13-year-old girl is victim of a wayward U.S. mortar
If there is one true thing about war, it is that even the innocent suffer. And so it was for 13-year-old Ma’rwa Ahteemi last November.
“I know there was fear. I know that there was a lot of hurt and a lot of pain. I could read that in her,” said Maj. Mary Adams Challenger.
Challenger can’t forget seeing the girl for the first time. An Army Physical Therapist working in a combat support hospital, she never imagined treating a child.
But Ma’rwa had suffered a severe spinal cord injury — the result of a U.S.-fired mortar that fell short, hitting her home. Five members of her family died, leaving Ma’rwa sad, withdrawn and paralyzed.
Challenger, as a physical therapist, had one great fear: “That we would fail her. That this young girl would go home and essentially spend the rest of her life tucked away inside of her home and not be able to interact with the community and not be able to get out in life and have a full life. That was my greatest fear.”
Ma’rwa needed more. So Challenger recruited a woman she’d never met to help, National Guard Maj. Sharnell Hoffer, a pediatrician. “I knew from the moment I met her that she didn’t belong in a U.S. combat hospital,” said Hoffer.
There was an instant bond with the girl, both women say. It wasn’t professional. It was personal.
They knew Ma’rwa’s best chance for therapy was in the United States, and they launched a campaign to get her there. “I had faith that we would succeed. I didn’t know how, but I had faith that we would,” said Hoffer.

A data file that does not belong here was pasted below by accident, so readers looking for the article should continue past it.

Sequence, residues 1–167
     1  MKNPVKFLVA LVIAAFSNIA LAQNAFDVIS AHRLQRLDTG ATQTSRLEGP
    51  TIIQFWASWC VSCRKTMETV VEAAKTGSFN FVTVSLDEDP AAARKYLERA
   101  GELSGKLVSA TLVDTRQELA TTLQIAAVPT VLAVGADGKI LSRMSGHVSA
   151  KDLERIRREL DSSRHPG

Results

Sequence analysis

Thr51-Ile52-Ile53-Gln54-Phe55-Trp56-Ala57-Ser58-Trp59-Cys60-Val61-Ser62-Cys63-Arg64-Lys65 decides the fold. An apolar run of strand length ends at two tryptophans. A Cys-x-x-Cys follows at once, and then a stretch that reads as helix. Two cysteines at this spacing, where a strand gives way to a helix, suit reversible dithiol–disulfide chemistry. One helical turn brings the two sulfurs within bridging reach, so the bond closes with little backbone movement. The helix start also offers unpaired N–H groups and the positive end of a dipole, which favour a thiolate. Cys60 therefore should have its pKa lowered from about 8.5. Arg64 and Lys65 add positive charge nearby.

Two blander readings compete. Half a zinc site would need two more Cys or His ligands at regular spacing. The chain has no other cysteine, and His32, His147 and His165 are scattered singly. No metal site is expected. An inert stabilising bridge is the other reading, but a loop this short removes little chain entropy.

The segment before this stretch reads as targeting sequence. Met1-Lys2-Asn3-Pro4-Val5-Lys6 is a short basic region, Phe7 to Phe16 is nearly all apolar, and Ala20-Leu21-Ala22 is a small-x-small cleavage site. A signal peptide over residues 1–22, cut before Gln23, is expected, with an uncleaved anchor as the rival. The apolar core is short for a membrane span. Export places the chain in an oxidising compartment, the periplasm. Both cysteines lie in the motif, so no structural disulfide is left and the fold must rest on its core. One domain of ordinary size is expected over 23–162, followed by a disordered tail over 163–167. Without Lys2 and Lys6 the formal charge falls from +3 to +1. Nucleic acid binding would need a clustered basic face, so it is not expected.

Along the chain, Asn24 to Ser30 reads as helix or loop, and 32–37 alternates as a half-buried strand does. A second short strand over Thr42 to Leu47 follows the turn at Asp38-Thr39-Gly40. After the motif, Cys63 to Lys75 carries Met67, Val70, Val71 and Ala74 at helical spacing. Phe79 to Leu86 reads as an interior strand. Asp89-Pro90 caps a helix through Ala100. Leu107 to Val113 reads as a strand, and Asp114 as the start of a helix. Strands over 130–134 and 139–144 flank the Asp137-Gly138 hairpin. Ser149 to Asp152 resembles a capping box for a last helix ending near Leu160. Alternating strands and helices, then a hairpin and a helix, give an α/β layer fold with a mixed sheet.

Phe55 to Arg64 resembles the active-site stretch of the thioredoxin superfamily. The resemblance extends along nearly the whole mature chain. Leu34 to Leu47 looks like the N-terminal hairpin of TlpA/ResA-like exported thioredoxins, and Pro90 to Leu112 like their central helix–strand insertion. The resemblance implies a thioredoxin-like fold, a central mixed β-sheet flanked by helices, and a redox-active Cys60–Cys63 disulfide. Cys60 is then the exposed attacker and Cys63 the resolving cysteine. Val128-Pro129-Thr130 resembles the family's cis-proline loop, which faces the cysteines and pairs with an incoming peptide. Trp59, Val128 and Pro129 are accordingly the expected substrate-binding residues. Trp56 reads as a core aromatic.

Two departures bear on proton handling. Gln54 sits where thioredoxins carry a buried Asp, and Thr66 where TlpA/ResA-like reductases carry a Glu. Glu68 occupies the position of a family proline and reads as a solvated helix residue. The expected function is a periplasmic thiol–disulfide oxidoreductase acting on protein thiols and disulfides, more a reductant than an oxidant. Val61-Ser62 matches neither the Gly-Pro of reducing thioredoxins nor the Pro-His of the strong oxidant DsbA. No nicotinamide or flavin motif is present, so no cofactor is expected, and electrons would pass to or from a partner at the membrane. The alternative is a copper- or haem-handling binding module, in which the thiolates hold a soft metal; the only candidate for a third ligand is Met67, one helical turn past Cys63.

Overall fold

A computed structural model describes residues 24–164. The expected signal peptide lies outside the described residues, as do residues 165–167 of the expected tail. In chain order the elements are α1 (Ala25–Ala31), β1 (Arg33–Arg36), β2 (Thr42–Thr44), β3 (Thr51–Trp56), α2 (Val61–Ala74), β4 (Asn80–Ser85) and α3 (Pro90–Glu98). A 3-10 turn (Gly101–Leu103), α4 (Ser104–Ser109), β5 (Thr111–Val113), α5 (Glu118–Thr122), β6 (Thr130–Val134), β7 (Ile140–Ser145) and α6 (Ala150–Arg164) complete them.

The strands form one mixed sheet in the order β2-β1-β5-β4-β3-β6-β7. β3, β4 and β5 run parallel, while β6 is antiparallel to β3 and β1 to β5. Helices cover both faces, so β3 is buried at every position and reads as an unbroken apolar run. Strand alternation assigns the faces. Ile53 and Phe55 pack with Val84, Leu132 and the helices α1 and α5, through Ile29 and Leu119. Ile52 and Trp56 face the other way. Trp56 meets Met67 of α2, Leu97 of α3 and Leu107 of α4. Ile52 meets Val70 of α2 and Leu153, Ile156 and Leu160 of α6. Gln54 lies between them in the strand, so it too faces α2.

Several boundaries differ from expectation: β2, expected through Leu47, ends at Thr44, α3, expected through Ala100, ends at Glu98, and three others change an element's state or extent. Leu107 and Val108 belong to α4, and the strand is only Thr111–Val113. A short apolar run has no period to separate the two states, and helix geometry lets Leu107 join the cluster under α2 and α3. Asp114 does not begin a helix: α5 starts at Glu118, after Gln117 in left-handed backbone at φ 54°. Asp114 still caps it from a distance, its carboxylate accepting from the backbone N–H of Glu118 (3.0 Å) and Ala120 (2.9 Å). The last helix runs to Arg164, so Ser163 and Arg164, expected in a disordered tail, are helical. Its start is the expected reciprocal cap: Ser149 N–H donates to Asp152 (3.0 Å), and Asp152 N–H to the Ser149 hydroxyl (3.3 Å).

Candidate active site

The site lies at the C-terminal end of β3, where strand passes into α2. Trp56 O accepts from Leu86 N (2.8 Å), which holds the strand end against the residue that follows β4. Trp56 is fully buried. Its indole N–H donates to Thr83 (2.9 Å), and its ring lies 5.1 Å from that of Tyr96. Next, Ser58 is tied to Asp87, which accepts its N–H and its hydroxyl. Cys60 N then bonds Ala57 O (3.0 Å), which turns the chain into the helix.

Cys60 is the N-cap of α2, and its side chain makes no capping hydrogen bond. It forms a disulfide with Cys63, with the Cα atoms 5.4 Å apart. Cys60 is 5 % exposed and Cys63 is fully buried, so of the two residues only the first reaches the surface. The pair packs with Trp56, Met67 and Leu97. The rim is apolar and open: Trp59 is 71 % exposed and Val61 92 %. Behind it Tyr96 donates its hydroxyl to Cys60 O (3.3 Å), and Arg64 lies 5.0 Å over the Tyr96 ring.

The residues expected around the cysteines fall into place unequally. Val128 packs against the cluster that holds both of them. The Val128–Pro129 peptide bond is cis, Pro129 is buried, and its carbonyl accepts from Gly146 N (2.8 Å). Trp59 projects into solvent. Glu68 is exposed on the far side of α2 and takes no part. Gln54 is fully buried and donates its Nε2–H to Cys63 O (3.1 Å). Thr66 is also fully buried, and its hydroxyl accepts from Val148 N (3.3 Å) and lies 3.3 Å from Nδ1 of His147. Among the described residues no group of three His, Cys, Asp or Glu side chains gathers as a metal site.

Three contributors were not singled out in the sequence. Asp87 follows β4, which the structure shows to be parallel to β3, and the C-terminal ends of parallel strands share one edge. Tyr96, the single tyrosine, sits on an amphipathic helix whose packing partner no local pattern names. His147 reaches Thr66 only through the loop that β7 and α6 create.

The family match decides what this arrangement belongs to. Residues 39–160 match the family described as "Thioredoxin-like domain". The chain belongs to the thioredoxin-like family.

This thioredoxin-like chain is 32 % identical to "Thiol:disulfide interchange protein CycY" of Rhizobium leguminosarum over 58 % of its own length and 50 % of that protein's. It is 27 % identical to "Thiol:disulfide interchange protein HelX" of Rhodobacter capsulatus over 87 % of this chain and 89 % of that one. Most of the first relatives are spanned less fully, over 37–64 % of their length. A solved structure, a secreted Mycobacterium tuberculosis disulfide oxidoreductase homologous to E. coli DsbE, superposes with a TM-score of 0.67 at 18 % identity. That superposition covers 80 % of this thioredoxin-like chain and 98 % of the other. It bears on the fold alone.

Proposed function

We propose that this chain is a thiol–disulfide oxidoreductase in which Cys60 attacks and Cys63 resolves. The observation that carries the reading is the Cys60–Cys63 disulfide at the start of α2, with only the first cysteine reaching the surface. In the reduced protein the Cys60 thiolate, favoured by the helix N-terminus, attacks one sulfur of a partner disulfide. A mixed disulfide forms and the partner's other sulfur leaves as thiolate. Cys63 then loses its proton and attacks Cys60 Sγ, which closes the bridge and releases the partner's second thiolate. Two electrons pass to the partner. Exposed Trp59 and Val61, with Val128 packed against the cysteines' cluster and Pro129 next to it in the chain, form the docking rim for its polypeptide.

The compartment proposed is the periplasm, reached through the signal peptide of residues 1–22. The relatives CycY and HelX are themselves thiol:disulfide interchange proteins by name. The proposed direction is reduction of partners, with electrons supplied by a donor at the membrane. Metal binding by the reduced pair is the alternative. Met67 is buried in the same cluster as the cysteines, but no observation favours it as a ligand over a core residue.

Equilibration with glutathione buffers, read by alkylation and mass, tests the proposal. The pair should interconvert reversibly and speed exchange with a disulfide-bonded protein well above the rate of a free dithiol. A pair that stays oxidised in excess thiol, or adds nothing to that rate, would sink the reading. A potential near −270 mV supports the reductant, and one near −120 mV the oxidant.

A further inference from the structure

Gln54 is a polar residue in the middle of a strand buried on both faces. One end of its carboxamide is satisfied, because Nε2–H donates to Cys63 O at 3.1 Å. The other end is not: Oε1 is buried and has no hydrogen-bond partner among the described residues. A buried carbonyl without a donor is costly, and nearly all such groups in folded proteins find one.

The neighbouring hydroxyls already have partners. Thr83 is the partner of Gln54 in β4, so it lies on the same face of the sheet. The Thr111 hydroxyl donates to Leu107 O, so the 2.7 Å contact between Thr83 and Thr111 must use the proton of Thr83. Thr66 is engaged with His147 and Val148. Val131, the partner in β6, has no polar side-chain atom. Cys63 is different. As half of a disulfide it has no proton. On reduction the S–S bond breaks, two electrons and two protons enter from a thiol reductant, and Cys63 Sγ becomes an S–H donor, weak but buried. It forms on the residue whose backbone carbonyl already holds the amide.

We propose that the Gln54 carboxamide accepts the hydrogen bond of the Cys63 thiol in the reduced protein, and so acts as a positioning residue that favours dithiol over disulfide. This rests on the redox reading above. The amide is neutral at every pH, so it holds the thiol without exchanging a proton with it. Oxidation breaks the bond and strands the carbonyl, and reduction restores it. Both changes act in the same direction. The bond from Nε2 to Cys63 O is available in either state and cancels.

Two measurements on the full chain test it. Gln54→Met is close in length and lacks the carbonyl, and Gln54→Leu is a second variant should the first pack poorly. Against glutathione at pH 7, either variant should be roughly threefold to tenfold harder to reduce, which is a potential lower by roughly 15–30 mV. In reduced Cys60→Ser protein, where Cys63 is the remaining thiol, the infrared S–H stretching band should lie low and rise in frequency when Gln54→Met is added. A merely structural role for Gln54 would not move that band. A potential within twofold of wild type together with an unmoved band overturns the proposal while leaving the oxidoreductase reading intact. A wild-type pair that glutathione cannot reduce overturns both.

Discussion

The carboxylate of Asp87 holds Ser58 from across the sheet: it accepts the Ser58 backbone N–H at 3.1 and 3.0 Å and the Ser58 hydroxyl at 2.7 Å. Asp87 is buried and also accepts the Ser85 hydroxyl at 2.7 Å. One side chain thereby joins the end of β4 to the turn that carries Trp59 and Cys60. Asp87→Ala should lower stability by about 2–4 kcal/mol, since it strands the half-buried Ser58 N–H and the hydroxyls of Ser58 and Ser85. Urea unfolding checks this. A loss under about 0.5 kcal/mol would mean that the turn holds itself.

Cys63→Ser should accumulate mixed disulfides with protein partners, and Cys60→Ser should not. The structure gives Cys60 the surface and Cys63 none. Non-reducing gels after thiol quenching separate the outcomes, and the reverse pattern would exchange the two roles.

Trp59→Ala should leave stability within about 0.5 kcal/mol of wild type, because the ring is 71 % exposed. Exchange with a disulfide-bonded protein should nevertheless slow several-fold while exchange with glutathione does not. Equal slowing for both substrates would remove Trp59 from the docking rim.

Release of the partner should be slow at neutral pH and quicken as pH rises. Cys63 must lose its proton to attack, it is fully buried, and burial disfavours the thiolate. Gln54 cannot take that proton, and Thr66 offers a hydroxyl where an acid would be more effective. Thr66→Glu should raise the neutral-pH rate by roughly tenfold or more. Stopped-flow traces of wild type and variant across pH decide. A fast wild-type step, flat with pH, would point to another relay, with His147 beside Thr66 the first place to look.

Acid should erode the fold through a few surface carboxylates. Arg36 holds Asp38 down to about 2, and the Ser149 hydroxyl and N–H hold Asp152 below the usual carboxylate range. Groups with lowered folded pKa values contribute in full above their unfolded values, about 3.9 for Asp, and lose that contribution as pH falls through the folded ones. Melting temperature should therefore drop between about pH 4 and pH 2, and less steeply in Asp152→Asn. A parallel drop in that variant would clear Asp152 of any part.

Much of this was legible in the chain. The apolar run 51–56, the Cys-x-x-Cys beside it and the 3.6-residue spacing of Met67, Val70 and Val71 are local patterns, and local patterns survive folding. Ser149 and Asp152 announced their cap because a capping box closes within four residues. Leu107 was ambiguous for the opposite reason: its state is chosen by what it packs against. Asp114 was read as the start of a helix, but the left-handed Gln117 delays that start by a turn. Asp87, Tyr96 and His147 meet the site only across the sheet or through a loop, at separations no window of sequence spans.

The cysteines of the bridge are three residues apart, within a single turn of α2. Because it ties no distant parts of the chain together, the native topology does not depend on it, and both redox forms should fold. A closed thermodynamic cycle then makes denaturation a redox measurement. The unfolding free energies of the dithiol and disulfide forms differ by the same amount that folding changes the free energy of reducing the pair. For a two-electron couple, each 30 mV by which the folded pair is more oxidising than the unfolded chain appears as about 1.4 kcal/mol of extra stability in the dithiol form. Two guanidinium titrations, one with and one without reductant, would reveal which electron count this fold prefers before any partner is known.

Incredibly, they did succeed.
With help from the National Spinal Cord Association, Ma’rwa is now at the National Rehabilitation Hospital in Washington, where she is capturing the heart of everyone we met.
“They are very nice to me. I just love all of them,” Ma’rwa said through an interpreter.
Slowly, Ma’rwa is taking her first, limited steps. This bright, determined girl is getting the kind of therapy almost no one back home can get. But she will soon return to a country that is ill-equipped to meet her needs. And she won’t be alone.
“There are so many others. I don’t know the numbers. Hundreds — I would assume thousands — that require these types of services that aren’t available,” Challenger said.
And that is perhaps the most poignant thing of all — that this story of one girl’s struggle to rebuild herself so accurately sums up the needs of her people, one year after war began.
A special fund has been created to assist in Ma’rwa Ahteemi’s rehabilitation efforts:
The Fund for Ma’rwa
National Spinal Cord Injury Assn.
PO Box 631002
Baltimore, MD 21263-1002
© 2004 MSNBC Interactive